4. Annie,

    I forgot to mention that there will also be an Australian show of all the Australian-made sketchbooks from this project. So if you just happen to be visiting Melbourne in November, that would probably be a great thing to stop by. I really wish all these shows weren't happening so far from me... I love peeking through other peoples' sketchbooks!
    That man with the beard still makes me burst out laughing. He looked so earnest too, so we tried hard not to laugh at the time.
    And I am very pleased to send all these little guys off into the world. I hope they brighten up someone's day, even if they are a little odd.

    Robyn, thank you! And I'm very glad to know that you liked it!

    Zoe, I used to do the same thing with trying to remember my dreams (probably that's why I stopped). I even thought maybe if I tape-recorded them right when I woke up it would maybe be better (since writing is often not fast enough to keep up and can become illegible). So, I ended up with a tape that began with a few incoherent mumbles and then was followed by about 45 minutes of just breathing where I fell back asleep beside the tape recorder without turning it off. Kind of funny, but not too useful. So this time I decided no to worry too much about details. I figure there's only so much one can bring back with them. Anyway, I'm so glad you liked it!!

    The grotesque is a funny thing... it seems to pop up again and again for me. Mostly I tend to see it as not a bad thing, but just different. Sometimes I have used this symbolically, following old associations with grotesques... but those associations seem one-dimensional, because they are a kind of artistic short-hand. I tend to get lost in the things I am making and I begin to find more sides to them by the end of it. Maybe that explains the gentleness you mentioned?
    A physical difference could be a sign of some internal defect or strength, or it could be a struggle that needs to be experienced, or it could be something that is beyond our understanding.
    And you are right, it is wonderful and precious to have someone so supportive! I feel very lucky indeed. How much nicer things are when we all look out for one another.. I do hope I hold up my end of the bargain!

  5. ... haven't been able to stop thinking who would want to purchase a false beard and why - and how many bearded ones woke to find theirs had been stolen whilst they were sleeping?

    I've just come away from your flickr page - so many images captured a second closer look - just wondrous Jodie, and they will brighten many people's days; inspire a few dreams too I'm sure.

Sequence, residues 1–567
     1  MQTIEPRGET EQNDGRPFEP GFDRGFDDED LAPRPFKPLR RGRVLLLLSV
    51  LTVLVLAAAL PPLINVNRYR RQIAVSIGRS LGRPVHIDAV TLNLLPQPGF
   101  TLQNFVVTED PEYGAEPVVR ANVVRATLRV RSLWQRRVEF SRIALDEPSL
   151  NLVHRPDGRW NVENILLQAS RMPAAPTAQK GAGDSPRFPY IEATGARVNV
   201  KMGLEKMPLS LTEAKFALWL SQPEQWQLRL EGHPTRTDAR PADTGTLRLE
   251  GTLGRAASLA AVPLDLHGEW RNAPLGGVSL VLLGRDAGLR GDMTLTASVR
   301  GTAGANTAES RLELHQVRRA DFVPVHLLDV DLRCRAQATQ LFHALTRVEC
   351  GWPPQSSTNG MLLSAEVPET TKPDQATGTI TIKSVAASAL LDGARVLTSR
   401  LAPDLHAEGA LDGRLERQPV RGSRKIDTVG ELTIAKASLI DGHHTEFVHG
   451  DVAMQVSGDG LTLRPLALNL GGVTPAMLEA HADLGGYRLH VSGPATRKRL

6. Annie, I hadn't even thought of the whole stolen beard problem! That makes me think of that book "A Fine Balance" with the guy who goes around the slums stealing hair and hoarding it. The scene was perhaps even weirder because my husband already had a beard, so wasn't really in the market for another one.
    Thanks for checking out the whole book over on flickr... I'm really glad you are enjoying it!!

    Tom, thanks very much! Will do!!

  7. "... my husband already had a beard," gosh that is bizarre isn't it - though it's very funny too in a Peter Sellers sort of way ;)

  8. haha! what could the seller have been thinking??

  9. "A physical difference could be a sign of some internal defect or strength, or it could be a struggle that needs to be experienced, or it could be something that is beyond our understanding."
    This is exactly how I see/feel it :-)

    With quietude and gentleness I mean that you do not exaggerate the grotesque in the style of drawing. These pencil drawings look quiet and natural to me. When such figures would be exaggerated in the drawing style, they might look like freaky or unnatural or agressive or fantastic hallucinations, something like that. I'm not always good in expaining. Anyway, quiet and natural I see them walking over your pages, and I love that.

  10. Thank you Barbara, that is really nice to hear. And don't worry, your explanations make good sense to me!

  11. I love these..i too write down my dreams and on their own they would make strange and wonderful stories, i had never thought of illustrating them though, i think i shall give this a go its a wonderful idea! thanks so much for the inspiration and your drawings are brilliant!

  12. Thank you Gemma!! And you definitely should give it a try... it's great fun really. I found it interesting to try to find the essence of the dream, since of course I couldn't draw every single detail of it. And it's great that you already have a whole collection of written down dreams to choose from!

  13. A fabulous post and a wonderful project. How brilliantly you've realised it. Enough material in that little book to keep you going for years I would have thought!

    How lovely your husband must be, to quietly make you a drawing book and leave by the bed. A stupendously romantic gesture!

  14. It's true, I think there are many ideas in there it might be worthwhile going back to. It's lovely to have a bunch of sketches around for days when you feel like starting on a new thing, but don't know quite where to start!

    Actually my husband made me a little writing book to get the ideas down on in the mornings. Still stupendously romantic though, I think.... he is quite lovely!

  15. These are really great, I need to ponder them a bit more than I have, plenty of rich symbolism.Thanks,